If you are interested in more details and discussions, we have both ongoing in the Patreon Group and would love you to join us there!


These early days of the first touches with the stallions are precious in their own ways, yet I am also dreaming of all the dynamic and interesting learning ahead of us… only when Atlas and Ari are ready of course!


Hooves and Heartbeats,




The Project:

Horses from many walks of life, communication through body language, tools used only for safety, never to train.


The Goal:

To discover how far Equestrian Art can be developed solely using body language.

Introducing Arion

This week was a whirlwind of activity as it came time to go pick up our second stallion for the filming of “Taming Wild: Evolution”. Kevin and I took the amazingly beautiful eighteen-hour drive down to Nevada on Tuesday and then returned home with Arion driving through Wednesday night and arriving home with him Thursday.

When we arrived at the corrals Ari was waiting for us in a small corral next to the loading chute. As we spent a few minutes with the brand inspector getting all the necessary paperwork done, I marveled at the way Ari seemed at ease and at home, as if he owned the space he was living in. He might have been captive, but he didn’t act like it.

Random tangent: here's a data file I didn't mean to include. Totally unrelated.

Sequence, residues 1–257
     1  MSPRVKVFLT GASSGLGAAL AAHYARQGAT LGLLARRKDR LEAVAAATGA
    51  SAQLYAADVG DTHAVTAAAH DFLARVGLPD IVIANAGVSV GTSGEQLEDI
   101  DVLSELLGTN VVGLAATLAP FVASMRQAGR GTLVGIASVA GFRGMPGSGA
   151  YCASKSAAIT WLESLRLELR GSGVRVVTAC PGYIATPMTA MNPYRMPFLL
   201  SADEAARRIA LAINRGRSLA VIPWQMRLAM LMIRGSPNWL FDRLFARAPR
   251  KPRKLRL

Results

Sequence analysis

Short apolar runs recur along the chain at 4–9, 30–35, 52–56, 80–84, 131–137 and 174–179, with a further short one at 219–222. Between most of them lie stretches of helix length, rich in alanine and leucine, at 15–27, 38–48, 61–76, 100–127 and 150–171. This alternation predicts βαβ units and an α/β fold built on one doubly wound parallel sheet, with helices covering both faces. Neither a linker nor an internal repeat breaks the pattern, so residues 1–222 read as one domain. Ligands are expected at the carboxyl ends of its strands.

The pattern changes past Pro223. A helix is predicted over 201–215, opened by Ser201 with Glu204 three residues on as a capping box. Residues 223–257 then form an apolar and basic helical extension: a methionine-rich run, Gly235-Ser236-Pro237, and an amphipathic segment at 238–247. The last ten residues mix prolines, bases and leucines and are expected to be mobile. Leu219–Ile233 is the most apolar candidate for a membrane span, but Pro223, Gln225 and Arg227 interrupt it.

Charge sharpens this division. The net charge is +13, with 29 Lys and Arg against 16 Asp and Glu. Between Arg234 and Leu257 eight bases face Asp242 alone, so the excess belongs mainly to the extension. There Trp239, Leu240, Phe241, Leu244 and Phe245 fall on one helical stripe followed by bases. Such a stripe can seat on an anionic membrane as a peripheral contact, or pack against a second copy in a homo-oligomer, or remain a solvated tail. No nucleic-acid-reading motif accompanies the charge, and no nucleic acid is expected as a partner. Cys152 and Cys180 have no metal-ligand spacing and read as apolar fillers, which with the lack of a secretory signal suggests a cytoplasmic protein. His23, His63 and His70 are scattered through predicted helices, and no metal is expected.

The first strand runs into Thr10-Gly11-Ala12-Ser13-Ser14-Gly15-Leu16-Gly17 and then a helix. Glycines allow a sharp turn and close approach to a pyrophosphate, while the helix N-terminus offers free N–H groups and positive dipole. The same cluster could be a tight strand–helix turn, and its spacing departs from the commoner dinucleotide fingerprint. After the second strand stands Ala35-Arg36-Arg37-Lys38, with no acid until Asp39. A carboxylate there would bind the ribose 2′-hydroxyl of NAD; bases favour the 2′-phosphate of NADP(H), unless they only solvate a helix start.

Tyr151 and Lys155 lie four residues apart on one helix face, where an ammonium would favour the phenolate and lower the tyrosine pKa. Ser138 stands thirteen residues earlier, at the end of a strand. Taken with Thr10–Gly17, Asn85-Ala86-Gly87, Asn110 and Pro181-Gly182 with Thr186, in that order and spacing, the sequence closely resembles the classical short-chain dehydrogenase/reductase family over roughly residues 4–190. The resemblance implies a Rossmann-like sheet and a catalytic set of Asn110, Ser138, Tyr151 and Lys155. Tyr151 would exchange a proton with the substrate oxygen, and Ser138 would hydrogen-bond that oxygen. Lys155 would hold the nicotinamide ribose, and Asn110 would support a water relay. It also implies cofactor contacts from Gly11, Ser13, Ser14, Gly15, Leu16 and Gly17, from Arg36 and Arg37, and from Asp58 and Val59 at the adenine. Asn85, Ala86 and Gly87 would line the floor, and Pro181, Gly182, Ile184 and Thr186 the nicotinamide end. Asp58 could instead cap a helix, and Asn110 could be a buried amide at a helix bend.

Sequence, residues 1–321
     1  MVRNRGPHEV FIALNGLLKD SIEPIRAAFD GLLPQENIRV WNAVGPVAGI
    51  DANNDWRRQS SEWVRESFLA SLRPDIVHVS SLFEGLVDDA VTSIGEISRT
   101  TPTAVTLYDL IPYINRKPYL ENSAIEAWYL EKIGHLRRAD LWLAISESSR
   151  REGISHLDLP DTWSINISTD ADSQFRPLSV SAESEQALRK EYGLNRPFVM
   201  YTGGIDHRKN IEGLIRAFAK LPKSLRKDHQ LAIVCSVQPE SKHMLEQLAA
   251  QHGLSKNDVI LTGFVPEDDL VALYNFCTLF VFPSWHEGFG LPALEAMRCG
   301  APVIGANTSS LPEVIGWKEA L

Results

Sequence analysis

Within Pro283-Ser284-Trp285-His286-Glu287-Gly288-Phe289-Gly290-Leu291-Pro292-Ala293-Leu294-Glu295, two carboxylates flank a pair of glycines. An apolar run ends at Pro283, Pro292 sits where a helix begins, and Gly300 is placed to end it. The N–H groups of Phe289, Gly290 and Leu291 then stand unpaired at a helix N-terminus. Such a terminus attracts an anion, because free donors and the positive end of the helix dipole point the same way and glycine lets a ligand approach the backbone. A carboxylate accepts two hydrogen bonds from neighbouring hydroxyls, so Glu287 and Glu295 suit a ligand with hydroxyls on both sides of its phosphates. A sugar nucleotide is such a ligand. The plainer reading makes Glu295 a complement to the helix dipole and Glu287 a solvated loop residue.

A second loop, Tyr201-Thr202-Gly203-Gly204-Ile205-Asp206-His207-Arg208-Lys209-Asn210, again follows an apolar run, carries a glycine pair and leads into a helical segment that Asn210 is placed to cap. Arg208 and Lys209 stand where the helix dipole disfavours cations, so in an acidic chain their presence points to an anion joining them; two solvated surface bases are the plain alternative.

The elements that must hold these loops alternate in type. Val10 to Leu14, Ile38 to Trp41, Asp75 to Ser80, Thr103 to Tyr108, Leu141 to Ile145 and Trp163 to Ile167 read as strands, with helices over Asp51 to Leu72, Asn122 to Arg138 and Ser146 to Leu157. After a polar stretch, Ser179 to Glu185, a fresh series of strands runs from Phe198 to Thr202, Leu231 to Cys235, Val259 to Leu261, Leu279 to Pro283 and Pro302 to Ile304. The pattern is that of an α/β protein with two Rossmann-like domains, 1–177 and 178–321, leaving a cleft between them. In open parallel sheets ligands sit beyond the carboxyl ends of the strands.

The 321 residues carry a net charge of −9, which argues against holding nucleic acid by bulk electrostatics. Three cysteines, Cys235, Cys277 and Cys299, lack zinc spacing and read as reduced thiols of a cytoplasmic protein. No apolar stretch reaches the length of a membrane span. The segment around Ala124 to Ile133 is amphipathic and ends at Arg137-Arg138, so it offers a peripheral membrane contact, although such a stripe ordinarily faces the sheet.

He walked down the chute and into the trailer with more rhythm and confidence than any other mustang I have ever picked up, and then we started the long trip without fanfare.


Bringing a wild mustang home, I always feel deeply for them as they are exposed to so many new and dramatic experiences from the rocking of the horse trailer they must balance in, to the semi-trucks passing, and the lights flashing around them. In Ari’s case, he handled all this chaos of the travel with an unusual calm interest in everything. As I drove I could feel him shifting a little from one side of the trailer to the other as he watched the world, but there were surprisingly few sharp movements.

That is the beautiful thing about mustangs, their adaptability. Mustangs grow up traveling constantly and encountering new things every day with the support of their family around them. While the trip into domestic life may seem shocking, the average mustang is well prepared to adapt.

Ari is from a herd management area in Nevada known as the Eagle HMA, and to give you some sense of his ability to adapt, here is a description of where he is from.